Thursday, April 10, 2008

Moses Is Dead

My great memory of Charleton Heston is seeing him "part the Red Sea!" As a child, I remember how awesome it was when he raised his hand, God's rod, and that powerful voice to say something like, "See the Mighty Hand of God." (What followed was and is a great tribute to a great God.) During his lifetime, Mr. Heston portrayed several Biblical characters and it always seemed that he did it in a very authentic way. As we all know, this past week at 84 years of age, he passed from this life into eternity.

Reading the article of his passing - saddens me as I considered the passing of something more important than an actor. It seems to me that as this generation passes from the scene so have many of the moral and principles which were the foundation of our culture. Mr. Heston and his wife were married 50+ years at his death. (How long has it been since this has been the norm instead of the exception?) It is a sad note which reminds us that a few years ago a well-known actress stated on a talk show that she believed any marriage was successful if it lasted 3 years. Ouch. How times have changed.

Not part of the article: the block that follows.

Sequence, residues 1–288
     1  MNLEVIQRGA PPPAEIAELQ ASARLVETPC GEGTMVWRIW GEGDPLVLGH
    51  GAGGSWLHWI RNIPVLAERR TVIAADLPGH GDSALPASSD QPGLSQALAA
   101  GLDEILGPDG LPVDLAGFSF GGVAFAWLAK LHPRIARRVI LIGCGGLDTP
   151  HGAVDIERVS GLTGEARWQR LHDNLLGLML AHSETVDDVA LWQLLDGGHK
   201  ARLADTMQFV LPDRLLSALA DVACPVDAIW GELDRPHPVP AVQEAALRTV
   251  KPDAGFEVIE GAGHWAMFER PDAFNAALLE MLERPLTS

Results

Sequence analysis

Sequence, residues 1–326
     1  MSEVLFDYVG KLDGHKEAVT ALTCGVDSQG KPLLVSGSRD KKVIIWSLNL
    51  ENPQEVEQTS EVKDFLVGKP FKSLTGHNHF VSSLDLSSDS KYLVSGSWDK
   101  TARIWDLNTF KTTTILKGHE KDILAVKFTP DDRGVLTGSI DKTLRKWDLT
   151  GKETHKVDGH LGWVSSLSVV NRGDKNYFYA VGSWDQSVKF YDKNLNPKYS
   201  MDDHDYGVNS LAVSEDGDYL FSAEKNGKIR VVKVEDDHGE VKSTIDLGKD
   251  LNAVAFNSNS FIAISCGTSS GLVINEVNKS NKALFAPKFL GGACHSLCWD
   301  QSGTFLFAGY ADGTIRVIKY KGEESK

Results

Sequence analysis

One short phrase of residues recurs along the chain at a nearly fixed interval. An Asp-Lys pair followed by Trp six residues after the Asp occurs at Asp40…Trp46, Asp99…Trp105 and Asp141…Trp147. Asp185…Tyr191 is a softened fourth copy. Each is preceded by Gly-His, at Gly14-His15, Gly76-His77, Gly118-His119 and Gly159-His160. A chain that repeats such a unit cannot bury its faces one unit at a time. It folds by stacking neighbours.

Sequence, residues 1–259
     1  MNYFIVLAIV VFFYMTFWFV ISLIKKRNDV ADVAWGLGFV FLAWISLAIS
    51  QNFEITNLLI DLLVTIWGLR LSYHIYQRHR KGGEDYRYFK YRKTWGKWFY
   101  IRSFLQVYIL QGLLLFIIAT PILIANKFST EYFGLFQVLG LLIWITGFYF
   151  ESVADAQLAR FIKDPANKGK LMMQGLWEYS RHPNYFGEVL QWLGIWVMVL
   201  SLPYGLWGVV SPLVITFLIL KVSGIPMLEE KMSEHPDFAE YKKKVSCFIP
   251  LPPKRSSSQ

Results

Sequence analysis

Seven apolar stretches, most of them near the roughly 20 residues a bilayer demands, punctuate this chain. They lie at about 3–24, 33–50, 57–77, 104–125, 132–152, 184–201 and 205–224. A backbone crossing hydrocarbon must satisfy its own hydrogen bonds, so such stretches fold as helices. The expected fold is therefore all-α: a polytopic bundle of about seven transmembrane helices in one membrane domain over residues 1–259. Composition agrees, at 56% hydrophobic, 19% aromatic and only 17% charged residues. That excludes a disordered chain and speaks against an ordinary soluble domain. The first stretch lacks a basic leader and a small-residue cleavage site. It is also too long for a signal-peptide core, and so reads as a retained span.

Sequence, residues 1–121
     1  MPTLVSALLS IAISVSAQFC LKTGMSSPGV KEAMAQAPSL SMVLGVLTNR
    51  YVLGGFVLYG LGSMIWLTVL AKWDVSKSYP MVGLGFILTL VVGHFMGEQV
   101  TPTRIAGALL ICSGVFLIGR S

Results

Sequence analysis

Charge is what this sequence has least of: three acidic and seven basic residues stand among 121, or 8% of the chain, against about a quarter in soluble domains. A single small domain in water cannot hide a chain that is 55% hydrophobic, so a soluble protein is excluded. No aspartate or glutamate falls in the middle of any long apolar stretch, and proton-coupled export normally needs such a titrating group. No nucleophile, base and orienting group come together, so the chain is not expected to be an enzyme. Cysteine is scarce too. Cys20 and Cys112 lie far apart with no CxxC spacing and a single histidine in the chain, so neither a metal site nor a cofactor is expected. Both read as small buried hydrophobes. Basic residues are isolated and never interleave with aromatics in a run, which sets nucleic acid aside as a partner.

Here's my point for the day. The Biblical character Moses came down the mountain withthe 2 tablets in his hand which contained the law of God. The screen version of Moses (Charleton Heston) did the same. Those Ten Commandments have served as the centerpiece for every legal code which has been penned and today in our "enlightenment" we have chosen to discard that which has guided us for so long. As I have said before, it is more than a little interesting to note that this decalog is engraved above the head of the Supreme Court Justice's chair who presides over a "Court of Judges" who have decreed that no "other" government agency could display this important set of principles.

Seems to me that more than Moses have now died. Maybe we should have a day of mourning for Mr. Heston because of his keeping the truth alive on the big screen. But perhaps it is fitting that we have a day of prayer, mourning, fasting, and repentance about the neglect of the Ten Commandments.

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